Dave and Molly
Ian Dunbar was awarded the Outstanding Achievement Award from I.P.D.T.A. Here's a picture of me accepting the award on his behalf.
Member of IAABC ,International Association of Animal Behavior Consultants , Member of Pet Professional Guild

Last edited by davetgabby; 01-28-2013 at 07:08 PM.
davetgabby is offline  
post #6 of 7 (permalink) Old 01-29-2013, 03:17 AM
Senior Member
 
emichel's Avatar
 
Join Date: May 2012
Location: Seattle, WA
Posts: 701
Submit Photo: 3
Photo Submissions 8 Times in 8 Posts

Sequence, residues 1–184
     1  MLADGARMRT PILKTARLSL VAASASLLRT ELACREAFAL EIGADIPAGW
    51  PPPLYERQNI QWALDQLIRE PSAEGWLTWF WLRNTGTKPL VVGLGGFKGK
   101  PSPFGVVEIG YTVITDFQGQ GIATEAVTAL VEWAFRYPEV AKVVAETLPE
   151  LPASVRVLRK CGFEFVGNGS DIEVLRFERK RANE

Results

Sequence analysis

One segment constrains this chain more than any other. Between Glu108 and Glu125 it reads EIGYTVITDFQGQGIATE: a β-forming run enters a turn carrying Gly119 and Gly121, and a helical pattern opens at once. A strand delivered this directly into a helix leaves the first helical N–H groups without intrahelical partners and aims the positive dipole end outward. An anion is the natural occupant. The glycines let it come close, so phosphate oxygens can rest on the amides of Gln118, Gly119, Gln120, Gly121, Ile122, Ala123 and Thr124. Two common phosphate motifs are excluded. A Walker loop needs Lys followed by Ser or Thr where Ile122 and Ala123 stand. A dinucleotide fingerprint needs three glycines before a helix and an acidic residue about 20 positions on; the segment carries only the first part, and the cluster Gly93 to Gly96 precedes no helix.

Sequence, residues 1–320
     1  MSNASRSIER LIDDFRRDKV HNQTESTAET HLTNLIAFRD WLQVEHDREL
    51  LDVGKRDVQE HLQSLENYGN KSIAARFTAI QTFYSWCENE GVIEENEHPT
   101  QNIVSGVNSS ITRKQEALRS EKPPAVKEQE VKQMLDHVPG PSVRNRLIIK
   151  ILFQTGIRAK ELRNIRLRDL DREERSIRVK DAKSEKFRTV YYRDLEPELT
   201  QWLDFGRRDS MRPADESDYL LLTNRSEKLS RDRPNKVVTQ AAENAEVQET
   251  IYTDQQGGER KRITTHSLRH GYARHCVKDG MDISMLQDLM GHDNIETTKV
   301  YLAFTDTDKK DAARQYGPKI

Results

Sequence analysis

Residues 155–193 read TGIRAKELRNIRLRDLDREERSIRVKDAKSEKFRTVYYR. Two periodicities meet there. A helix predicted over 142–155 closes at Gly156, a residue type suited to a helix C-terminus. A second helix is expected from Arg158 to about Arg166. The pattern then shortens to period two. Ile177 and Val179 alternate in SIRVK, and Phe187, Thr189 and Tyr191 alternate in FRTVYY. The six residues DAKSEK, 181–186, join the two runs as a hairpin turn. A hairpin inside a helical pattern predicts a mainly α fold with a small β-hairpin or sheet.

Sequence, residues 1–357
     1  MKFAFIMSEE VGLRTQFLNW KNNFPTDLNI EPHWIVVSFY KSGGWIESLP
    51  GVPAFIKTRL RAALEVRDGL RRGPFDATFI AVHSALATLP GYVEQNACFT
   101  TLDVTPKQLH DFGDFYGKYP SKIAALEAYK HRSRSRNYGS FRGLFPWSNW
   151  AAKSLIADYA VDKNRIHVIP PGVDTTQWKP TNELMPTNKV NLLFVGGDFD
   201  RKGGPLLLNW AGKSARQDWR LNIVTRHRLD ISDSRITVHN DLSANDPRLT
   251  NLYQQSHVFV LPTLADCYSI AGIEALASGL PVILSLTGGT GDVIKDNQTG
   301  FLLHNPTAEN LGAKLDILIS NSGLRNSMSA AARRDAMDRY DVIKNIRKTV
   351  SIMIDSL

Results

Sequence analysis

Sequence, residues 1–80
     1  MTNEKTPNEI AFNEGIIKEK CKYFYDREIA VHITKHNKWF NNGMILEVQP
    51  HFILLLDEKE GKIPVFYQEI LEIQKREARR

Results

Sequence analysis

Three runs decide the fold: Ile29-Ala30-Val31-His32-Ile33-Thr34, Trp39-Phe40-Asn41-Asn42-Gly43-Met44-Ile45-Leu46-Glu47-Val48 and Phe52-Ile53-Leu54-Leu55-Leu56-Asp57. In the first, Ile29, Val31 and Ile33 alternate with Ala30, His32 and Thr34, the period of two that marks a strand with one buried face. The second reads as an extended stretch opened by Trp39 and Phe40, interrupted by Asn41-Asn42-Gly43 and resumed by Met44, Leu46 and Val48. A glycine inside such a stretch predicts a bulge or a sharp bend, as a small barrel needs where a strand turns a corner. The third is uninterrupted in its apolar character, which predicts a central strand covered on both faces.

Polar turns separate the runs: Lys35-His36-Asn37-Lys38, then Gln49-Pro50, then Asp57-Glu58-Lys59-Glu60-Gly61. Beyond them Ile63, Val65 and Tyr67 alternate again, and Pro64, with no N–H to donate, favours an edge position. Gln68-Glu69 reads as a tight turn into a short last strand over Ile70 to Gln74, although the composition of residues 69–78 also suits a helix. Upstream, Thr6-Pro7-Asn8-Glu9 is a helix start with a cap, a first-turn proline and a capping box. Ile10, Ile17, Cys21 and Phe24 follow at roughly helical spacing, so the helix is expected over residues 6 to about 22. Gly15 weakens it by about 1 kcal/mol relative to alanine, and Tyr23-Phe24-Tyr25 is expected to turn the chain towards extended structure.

Thanks, Dave. I very much appreciate all of your contributions on here! I have never thought that you , or anyone on here that I can think of, were ideological about what to feed, but I have encountered a few such people in my community. One of the more memorable occurred only a few days after I brought my puppy home. As I recall, I was feeling pretty overwhelmed about it all, and felt that I was working 24/7 to take care of my new puppy. I was rather proud that I was spending what seemed like a lot of money for a good quality kibble. The pet I had had previously was a cat who lived for 17 years on grocery store kibble, but I had since learned that there were better options. Anyway, I walked into one of the many small pet supply stores around here -- I forget what I was looking for -- and the owner asked me what I was feeding. I told her the brand of kibble I was feeding, and she began to fill me in on why that wasn't good. (I later learned she was a big raw advocate). I basically told her I was satisfied with what I was feeding my dog for the moment, though would think about what she was saying, but just needed to get what I was looking for. I think it was a harness or leash. She said, rather haughtily, "Well, I wouldn't feed that to my dog". I felt like she'd slapped me in the face, and never went back to that store. I was a little touchy, I'm sure, from not getting enough sleep, but that kind of attitude is not the way to pursuade someone to your way of thinking.